For those critics and not very well read persons who attack any and all things German based on Nazis actions during WW2, even blaming and hating descendants…by majority no one can be more critical and horrified and yes, guilt-ridden by what those who knew or suspected their parents or grandparents involvement with the murder of millions.
Like any child, grandchild or others connected to mass murderers, you feel the burden even if you had absolutely NO part of those person’s behaviours or choices. You have to live with condemnation and censure which shouldn’t be yours or should not automatically be assigned.
For those who continue to make assumptions about descendants, do us all a favour and read this book. It is heart rending the honesty and sincerity of these real people who told their stories. I, too, have felt the way they did (and continue to) many, many times. Sometimes you feel guilt: though the guilt is not yours, you feel people should have done more back then. You feel angry sometimes: angry because people still try to blame you or consider you tainted, when it wasn’t your fault. You feel exasperated that people still try to point fingers at you: your country, your culture, your society most especially when in the case with Americans, their government and people committed atrocities of their own, reference Native American Genocide Statistics and American Indian genocide, and their actions still continue politically, culturally and societally.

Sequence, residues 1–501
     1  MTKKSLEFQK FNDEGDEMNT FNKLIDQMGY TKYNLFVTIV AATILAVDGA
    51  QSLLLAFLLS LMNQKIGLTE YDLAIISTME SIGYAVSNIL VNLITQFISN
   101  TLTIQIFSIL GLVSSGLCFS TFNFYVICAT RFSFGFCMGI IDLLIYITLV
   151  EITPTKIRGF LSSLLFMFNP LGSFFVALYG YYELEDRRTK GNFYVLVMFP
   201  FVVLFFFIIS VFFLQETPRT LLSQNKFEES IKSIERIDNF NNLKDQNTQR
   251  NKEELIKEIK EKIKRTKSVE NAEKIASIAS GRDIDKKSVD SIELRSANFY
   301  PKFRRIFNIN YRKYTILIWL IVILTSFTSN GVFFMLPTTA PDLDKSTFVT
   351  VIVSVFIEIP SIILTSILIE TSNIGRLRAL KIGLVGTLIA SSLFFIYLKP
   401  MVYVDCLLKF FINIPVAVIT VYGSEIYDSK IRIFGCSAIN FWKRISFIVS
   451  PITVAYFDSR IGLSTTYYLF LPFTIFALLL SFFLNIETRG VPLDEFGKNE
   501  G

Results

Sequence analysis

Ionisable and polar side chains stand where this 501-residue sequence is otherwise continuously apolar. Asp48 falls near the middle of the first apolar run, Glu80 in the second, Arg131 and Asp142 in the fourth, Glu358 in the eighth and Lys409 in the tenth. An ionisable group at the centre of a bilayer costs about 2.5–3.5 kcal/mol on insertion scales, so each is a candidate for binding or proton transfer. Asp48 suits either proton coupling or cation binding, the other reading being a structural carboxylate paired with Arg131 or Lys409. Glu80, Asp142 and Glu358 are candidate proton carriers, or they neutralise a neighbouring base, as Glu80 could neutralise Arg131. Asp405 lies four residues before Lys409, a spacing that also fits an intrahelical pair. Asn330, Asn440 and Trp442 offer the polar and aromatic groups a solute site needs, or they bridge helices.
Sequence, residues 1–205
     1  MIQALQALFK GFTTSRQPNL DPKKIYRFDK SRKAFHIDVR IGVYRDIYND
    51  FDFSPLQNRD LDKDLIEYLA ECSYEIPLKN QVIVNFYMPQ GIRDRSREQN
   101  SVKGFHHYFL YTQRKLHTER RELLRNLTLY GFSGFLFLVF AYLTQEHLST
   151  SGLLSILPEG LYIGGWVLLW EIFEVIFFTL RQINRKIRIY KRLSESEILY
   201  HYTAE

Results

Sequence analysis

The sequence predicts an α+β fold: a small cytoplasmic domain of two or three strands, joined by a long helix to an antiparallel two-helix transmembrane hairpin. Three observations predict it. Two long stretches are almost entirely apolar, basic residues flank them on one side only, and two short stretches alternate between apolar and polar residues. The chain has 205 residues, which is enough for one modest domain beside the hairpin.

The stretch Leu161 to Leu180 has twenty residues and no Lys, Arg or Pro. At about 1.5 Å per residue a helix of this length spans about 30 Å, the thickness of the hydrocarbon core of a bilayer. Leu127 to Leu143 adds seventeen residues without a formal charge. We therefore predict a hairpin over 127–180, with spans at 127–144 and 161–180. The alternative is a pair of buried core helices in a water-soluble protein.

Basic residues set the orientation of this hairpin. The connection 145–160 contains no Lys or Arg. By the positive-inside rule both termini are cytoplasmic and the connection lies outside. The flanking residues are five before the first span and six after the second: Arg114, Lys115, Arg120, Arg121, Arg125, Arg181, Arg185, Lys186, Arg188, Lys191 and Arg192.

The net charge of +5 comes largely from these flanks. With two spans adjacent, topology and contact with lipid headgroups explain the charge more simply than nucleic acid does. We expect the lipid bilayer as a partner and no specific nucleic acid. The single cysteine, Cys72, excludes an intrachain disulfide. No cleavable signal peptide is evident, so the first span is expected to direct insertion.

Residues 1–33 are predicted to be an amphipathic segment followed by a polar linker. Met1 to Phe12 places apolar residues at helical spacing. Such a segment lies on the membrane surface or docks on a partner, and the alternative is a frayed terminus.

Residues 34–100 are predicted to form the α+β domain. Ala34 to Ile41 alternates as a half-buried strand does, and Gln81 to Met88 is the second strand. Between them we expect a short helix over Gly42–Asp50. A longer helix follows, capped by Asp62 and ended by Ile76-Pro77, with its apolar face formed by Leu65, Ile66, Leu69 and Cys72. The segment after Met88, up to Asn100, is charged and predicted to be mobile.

Note: This is a repost. For some reason this review got deleted when WP changed formats some months ago. I just realized this.
Description: Brilliantly interviewed by bestselling novelist Ursula Hegi, German Americans born in Germany during and immediately following World War II speak out about the legacy of grief and shame that continues to haunt them.
- Paperback, 304 pages
- Published May 24th 2011
- Publisher: Touchstone(first published 1997)
- ISBN: 068484611X (ISBN13: 9780684846118)
- Source: Self-purchase